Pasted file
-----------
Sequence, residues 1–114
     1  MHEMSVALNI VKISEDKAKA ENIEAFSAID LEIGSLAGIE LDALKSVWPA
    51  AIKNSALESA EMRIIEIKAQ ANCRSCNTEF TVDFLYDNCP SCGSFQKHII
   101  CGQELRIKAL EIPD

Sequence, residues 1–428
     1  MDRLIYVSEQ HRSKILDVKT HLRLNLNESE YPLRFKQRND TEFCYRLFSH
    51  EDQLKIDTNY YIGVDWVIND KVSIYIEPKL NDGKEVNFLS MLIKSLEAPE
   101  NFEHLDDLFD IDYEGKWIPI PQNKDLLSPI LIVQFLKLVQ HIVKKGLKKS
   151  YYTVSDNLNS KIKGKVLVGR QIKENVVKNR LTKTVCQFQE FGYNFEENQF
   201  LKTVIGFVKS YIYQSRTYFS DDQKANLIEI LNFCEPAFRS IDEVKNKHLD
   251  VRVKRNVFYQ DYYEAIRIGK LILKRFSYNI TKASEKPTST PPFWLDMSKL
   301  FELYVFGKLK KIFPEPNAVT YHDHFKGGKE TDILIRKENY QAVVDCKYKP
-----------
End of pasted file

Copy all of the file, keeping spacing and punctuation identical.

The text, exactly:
Sequence, residues 1–114
     1  MHEMSVALNI VKISEDKAKA ENIEAFSAID LEIGSLAGIE LDALKSVWPA
    51  AIKNSALESA EMRIIEIKAQ ANCRSCNTEF TVDFLYDNCP SCGSFQKHII
   101  CGQELRIKAL EIPD

Sequence, residues 1–428
     1  MDRLIYVSEQ HRSKILDVKT HLRLNLNESE YPLRFKQRND TEFCYRLFSH
    51  EDQLKIDTNY YIGVDWVIND KVSIYIEPKL NDGKEVNFLS MLIKSLEAPE
   101  NFEHLDDLFD IDYEGKWIPI PQNKDLLSPI LIVQFLKLVQ HIVKKGLKKS
   151  YYTVSDNLNS KIKGKVLVGR QIKENVVKNR LTKTVCQFQE FGYNFEENQF
   201  LKTVIGFVKS YIYQSRTYFS DDQKANLIEI LNFCEPAFRS IDEVKNKHLD
   251  VRVKRNVFYQ DYYEAIRIGK LILKRFSYNI TKASEKPTST PPFWLDMSKL
   301  FELYVFGKLK KIFPEPNAVT YHDHFKGGKE TDILIRKENY QAVVDCKYKP